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Small conductance Ca2+-activated K+ channels modulate synaptic plasticity and memory encoding.

Robert W Stackman, Rebecca S Hammond, Eftihia Linardatos, Aaron Gerlach, James Maylie, John P Adelman, Thanos Tzounopoulos

J. Neurosci., 2002 Dec 1 , 22, 10163-71

Activity-dependent changes in neuronal excitability and synaptic strength are thought to underlie memory encoding. In hippocampal CA1 neurons, small conductance Ca2+-activated K+ (SK) channels contribute to the afterhyperpolarization, affecting neuronal excitability. In the present study, we examined the effect of apamin-sensitive SK channels on the induction of hippocampal synaptic plasticity in response to a range of stimulation frequencies. In addition, the role of apamin-sensitive SK channels on hippocampal-dependent memory encoding and retention was also tested. The results show that blocking SK channels with apamin increased the excitability of hippocampal neurons and facilitated the induction of synaptic plasticity by shifting the modification threshold to lower frequencies. This facilitation was NMDA receptor (NMDAR) dependent and appeared to be postsynaptic. Mice treated with apamin demonstrated accelerated hippocampal-dependent spatial and nonspatial memory encoding. They required fewer trials to learn the location of a hidden platform in the Morris water maze and less time to encode object memory in an object-recognition task compared with saline-treated mice. Apamin did not influence long-term retention of spatial or nonspatial memory. These data support a role for SK channels in the modulation of hippocampal synaptic plasticity and hippocampal-dependent memory encoding.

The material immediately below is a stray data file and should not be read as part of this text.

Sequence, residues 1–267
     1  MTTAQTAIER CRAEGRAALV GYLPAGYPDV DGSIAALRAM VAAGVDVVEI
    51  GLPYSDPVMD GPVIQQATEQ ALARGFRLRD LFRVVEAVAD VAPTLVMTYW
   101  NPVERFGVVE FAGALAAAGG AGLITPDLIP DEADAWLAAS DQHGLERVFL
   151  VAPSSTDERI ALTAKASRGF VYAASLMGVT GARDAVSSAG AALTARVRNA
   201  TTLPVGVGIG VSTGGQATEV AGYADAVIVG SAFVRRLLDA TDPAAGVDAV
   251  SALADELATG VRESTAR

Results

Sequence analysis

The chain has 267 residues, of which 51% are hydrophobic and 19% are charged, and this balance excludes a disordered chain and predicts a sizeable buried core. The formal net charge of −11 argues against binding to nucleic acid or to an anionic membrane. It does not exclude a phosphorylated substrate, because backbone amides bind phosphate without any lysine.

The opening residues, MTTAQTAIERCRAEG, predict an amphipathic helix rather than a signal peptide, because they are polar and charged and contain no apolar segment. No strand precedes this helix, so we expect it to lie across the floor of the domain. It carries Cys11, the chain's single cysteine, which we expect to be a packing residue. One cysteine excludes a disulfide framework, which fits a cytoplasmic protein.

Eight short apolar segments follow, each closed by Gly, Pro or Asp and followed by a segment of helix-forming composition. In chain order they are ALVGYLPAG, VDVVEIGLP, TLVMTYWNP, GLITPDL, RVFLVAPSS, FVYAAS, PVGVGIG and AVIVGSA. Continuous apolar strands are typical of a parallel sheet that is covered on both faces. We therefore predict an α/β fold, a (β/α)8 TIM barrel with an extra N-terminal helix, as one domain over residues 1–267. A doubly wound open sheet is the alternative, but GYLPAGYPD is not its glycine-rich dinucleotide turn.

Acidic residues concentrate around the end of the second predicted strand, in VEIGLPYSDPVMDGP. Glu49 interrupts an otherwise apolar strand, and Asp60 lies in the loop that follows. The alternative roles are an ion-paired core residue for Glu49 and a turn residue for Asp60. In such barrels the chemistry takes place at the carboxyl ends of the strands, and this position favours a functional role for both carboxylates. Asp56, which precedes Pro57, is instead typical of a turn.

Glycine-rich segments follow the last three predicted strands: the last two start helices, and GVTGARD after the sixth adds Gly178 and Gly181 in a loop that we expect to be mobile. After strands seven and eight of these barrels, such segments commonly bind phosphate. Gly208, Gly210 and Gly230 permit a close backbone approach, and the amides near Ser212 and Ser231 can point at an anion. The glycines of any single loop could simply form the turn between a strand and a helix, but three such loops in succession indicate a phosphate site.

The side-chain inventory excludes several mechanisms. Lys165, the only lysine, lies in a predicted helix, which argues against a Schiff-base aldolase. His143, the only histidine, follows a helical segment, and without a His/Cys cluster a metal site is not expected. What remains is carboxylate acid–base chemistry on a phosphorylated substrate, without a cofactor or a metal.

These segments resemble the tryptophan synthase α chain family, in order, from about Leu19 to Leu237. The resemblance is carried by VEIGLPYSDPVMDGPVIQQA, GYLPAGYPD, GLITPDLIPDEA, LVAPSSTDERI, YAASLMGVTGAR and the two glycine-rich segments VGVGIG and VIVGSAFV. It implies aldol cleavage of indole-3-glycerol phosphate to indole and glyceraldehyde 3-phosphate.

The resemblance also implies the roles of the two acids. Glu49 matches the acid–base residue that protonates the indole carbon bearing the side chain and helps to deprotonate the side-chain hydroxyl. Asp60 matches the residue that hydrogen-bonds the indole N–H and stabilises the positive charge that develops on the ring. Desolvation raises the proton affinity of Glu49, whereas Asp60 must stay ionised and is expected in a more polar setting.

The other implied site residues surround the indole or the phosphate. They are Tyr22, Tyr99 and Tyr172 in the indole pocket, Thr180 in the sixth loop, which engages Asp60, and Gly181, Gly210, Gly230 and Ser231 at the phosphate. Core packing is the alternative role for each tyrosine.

http://www.ncbi.nlm.nih.gov/pubmed/12451117